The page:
- Ciclosporin is also used for chemotherapy in cancer, but at a higher dose and for a longer time. You may have heard about some serious side-effects associated with chemotherapy. These are very rare when used for nephrotic syndrome. Talk to your doctor if you are worried.
- Ciclosporin may, rarely, cause infertility in males and females who have reached puberty, but this is very unlikely as it is only used for a short period in nephrotic syndrome.
- If ciclosporin is taken for a long time, it may damage the kidneys or skin and there is a low risk of some forms of blood cancer. Your doctor will discuss this with you before starting this medicine and will do regular blood tests to check for these effects. However, the benefit of taking the medicine is greater than the risk of these effects.
- Ciclosporin may harm an unborn baby. If your daughter is sexually active, it is vital that she uses adequate contraception to prevent unplanned pregnancy and continues it for at least 1 month after stopping the treatment. If your daughter wants to use the oral contraceptive pill, she must discuss this with her doctor, as this may increase the ciclosporin levels. If your daughter thinks that she may be pregnant, it is important that she sees your family doctor as soon as possible. She should keep taking her medicine until she sees her doctor.
It is important that your child always has the same brand of ciclosporin, as there may be differences between brands.
General advice about medicines
- Try to give medicines at about the same times each day, to help you remember.
- If you are not sure a medicine is working, contact your doctor but continue to give the medicine as usual in the meantime. Do not give extra doses as you may do harm.
- Only give this medicine to your child. Never give it to anyone else, even if their condition appears to be the same, as this could do harm.
If you think someone else may have taken the medicine by accident, contact your doctor straight away.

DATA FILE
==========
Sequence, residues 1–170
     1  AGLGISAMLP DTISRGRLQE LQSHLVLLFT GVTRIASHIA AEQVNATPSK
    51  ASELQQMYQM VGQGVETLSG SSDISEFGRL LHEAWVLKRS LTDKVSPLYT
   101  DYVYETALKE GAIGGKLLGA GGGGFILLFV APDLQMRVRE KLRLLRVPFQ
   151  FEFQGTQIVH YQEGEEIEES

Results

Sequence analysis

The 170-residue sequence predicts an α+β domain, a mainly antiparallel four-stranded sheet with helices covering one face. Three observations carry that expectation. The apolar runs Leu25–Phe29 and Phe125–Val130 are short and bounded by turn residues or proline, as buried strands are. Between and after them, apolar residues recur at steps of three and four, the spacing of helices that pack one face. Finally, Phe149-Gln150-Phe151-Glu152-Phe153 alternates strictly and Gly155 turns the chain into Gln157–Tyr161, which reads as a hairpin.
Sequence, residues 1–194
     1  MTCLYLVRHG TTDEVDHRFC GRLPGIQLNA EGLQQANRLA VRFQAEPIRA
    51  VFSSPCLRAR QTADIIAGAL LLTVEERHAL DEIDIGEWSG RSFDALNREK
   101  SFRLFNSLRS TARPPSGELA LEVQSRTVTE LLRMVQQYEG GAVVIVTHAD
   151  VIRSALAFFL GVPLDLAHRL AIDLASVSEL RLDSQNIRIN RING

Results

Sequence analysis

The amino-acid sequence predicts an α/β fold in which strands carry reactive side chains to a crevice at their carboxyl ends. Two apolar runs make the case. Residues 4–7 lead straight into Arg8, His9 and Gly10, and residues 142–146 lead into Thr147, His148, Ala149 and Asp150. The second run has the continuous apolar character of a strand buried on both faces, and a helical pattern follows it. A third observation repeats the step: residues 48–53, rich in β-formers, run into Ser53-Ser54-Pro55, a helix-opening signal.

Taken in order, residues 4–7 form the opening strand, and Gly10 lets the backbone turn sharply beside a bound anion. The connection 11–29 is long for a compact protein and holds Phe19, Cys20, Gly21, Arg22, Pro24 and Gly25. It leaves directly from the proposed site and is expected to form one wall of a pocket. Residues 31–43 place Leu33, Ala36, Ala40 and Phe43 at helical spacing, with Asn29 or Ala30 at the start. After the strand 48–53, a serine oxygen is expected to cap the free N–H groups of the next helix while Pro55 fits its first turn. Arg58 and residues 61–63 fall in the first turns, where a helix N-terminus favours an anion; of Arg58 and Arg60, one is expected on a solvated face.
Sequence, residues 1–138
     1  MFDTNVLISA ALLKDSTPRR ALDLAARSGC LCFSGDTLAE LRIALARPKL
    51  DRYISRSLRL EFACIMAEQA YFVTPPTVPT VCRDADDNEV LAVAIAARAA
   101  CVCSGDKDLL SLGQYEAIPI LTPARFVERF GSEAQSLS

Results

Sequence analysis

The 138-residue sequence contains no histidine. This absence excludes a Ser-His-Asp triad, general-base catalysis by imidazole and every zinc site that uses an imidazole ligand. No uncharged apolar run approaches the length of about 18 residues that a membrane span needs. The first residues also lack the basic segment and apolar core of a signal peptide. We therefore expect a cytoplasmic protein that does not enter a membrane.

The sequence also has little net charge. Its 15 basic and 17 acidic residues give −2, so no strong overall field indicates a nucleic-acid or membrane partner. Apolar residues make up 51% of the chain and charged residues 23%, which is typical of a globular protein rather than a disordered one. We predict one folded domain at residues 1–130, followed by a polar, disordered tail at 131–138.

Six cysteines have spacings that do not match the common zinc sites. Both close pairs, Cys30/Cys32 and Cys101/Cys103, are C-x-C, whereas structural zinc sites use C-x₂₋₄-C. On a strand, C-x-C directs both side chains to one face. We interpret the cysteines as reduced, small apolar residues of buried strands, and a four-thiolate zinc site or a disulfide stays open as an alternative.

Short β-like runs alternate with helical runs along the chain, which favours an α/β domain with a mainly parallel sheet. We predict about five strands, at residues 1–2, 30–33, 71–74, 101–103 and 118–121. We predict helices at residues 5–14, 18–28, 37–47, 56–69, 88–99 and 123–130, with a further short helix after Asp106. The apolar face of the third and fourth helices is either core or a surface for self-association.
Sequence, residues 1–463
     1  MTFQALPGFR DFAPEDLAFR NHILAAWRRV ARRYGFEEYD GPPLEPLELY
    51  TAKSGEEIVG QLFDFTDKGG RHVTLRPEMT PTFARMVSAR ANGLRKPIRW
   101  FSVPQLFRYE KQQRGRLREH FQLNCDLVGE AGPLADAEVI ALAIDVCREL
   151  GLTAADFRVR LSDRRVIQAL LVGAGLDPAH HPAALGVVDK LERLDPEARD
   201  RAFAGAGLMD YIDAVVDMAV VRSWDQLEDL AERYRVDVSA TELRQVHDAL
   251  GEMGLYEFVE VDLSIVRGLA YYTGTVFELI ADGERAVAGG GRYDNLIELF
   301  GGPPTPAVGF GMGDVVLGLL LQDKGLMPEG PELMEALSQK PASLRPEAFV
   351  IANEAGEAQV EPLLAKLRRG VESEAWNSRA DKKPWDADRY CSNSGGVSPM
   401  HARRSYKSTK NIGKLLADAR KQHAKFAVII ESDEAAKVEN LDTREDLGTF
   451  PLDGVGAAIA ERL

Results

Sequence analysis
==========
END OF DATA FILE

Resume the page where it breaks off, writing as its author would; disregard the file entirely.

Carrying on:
- Make sure that you always have enough medicine. Order a new prescription at least 2 weeks before you will run out.
- Make sure that the medicine you have at home has not reached the ‘best before’ or ‘use by’ date on the packaging. Give old medicines to your pharmacist to dispose of.
Where I should keep this medicine?
- Keep the medicines in a cupboard, away from heat and direct sunlight.
Do not keep the liquid medicine in the fridge.
- Make sure that children cannot see or reach the medicine.
- Keep the medicine in the container it came in.
Who to contact for more information
Your doctor, pharmacist or nurse will be able to give you more information about ciclosporin and about other medicines used to treat nephrotic syndrome.
You can also get useful information from:
- NHS Direct (England)
- NHS 24 (Scotland)
08454 24 24 24
- NHS Direct (Wales/Galw Lechyd Cymru)
- NI Direct (Northern Ireland)
- British Kidney Patient Association
01420 541 424
- National Kidney Federation
0845 601 02 09
Version 1, November 2012. © NPPG, RCPCH and WellChild 2011, all rights reserved. Reviewed by: November 2015.
The primary source for the information in this leaflet is the British National Formulary for Children. For details on any other sources used for this leaflet, please contact us through our website, www.medicinesforchildren.org.uk.
We take great care to make sure that the information in this leaflet is correct and up-to-date. However, medicines can be used in different ways for different patients. It is important that you ask the advice of your doctor or pharmacist if you are not sure about something. This leaflet is about the use of these medicines in the UK, and may not apply to other countries. The Royal College of Paediatrics and Child Health (RCPCH), the Neonatal and Paediatric Pharmacists Group (NPPG), WellChild and the contributors and editors cannot be held responsible for the accuracy of information, omissions of information, or any actions that may be taken as a consequence of reading this leaflet.